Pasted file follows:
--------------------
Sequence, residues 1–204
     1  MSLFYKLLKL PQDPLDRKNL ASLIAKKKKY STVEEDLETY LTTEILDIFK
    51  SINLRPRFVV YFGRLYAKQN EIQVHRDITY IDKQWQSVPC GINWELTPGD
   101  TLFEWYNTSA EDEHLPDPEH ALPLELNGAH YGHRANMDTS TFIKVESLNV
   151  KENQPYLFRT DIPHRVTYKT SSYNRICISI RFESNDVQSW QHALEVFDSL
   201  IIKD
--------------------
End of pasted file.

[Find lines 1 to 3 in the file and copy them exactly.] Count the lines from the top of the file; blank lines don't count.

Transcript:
Sequence, residues 1–204
     1  MSLFYKLLKL PQDPLDRKNL ASLIAKKKKY STVEEDLETY LTTEILDIFK
    51  SINLRPRFVV YFGRLYAKQN EIQVHRDITY IDKQWQSVPC GINWELTPGD